The complexities introduced by regulatory changes have led many European suppliers to avoid the hassle and cost associated with exporting to a more bureaucratically intricate UK. 

The Struggle to Keep Mercato Unique


Andrea Rasca highlights how the system’s complexity has become a major deterrent. 

While Mercato strives to source locally where possible, the resistance from European suppliers is palpable, impacting the availability of their distinctive offerings.

The Cost of Ethical Business Practices

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You also want to consider the economic realities of those who serve your meals. 

Rasca is committed to paying all his employees the London living wage, a decision that, while reducing the company’s end-of-year profit projections by nearly 80%, is viewed not only as a moral responsibility but also as a strategic business move to sustain the industry’s future. 

Shared Burdens


Mercato’s business model supports this approach by aggregating 20-50 small businesses that share the financial burden, making it feasible, though still challenging for smaller establishments.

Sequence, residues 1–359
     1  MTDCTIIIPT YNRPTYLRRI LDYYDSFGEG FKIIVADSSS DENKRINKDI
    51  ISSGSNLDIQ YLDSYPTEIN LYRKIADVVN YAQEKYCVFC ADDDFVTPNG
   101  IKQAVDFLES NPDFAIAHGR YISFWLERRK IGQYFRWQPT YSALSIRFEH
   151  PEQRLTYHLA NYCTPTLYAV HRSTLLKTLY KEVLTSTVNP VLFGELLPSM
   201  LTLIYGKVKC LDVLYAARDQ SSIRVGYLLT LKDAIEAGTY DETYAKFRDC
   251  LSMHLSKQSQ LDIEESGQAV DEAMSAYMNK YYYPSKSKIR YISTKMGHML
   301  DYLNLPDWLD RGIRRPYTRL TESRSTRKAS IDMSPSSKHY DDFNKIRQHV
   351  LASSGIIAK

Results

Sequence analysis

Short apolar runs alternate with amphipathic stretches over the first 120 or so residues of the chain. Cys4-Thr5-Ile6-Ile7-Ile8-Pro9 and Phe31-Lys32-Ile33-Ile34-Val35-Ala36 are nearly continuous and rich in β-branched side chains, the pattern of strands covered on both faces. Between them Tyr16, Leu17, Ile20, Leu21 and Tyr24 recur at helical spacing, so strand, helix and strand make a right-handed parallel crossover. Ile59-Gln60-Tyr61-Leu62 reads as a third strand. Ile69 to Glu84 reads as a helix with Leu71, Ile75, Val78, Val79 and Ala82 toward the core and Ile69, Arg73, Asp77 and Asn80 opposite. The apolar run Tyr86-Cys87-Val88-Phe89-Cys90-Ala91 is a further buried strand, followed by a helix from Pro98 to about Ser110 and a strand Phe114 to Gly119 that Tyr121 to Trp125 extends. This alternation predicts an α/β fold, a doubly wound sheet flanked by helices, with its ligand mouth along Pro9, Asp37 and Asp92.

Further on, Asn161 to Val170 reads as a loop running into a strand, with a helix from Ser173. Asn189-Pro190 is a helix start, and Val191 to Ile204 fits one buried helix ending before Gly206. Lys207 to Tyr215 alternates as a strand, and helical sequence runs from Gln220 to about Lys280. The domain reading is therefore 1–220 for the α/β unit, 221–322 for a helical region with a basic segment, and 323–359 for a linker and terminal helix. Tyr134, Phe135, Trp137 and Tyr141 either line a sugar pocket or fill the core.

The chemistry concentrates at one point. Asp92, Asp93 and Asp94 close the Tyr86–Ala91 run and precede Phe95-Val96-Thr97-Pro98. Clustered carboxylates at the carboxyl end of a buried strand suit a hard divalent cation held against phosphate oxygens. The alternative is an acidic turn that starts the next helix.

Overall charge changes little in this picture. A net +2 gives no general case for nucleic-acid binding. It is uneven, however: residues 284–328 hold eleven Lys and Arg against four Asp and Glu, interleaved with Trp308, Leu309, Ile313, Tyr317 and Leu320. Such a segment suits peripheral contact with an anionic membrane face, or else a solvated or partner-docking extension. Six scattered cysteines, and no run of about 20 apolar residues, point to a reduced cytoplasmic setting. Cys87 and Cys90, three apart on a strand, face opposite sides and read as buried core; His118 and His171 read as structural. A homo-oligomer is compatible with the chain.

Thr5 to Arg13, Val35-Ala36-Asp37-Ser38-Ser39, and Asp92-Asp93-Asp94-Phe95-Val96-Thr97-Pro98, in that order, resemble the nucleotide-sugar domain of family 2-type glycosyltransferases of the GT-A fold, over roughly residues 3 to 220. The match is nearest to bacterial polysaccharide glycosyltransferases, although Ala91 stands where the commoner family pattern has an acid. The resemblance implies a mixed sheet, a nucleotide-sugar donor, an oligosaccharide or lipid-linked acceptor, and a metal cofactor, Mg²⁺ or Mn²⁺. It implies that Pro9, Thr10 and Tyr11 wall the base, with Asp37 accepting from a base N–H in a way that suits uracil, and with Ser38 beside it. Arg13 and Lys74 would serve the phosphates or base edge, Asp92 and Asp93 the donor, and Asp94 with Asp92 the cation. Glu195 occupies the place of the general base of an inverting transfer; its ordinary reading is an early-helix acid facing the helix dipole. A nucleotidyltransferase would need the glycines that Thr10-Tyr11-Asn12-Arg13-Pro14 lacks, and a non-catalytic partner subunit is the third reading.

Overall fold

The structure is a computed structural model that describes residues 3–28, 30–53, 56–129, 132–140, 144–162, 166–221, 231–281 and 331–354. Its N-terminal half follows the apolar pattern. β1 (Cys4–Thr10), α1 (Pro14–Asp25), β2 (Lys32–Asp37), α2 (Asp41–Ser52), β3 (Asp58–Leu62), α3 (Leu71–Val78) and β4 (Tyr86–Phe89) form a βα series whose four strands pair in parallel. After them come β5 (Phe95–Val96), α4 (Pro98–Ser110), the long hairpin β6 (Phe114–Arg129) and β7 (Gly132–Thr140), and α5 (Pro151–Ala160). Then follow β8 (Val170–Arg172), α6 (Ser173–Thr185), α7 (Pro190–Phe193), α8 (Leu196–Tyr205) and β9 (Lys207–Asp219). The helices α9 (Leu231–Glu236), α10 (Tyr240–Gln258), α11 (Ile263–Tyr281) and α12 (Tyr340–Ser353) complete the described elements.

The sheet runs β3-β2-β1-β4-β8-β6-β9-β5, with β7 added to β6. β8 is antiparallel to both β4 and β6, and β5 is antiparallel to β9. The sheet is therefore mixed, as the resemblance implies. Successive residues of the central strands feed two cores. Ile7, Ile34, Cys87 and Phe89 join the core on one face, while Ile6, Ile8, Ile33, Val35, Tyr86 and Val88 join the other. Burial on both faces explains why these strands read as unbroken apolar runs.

The Rising Costs Behind Your Restaurant Bill

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The broader landscape includes escalating hidden costs that restaurateurs must handle. Business rates for restaurants are substantial, and despite calls for reductions in VAT and business rates to support the struggling sector amid rising costs for energy, ingredients, and staffing, recent fiscal policies have offered little relief. 

No Relief in Sight for Dining Costs

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James Robson of Fallow echoes this sentiment, noting the ongoing financial pressures, including increased taxes and council rates. Where there was some respite during Covid, now almost 90% of the burdens are back and intensifying.

Increasing Customer Volume at Fallow


Robson points out that Fallow has managed to maintain its revenue by slightly increasing customer volume, extending operating hours, and introducing breakfast service. 

The Unhealthy Trend 

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Andrea Rasca articulates a significant concern regarding the prioritization of global chains over independent hospitality businesses in the UK. He notes that banks and real estate companies favor established franchises like McDonald’s due to their financial robustness and substantial tax contributions, which pleases politicians.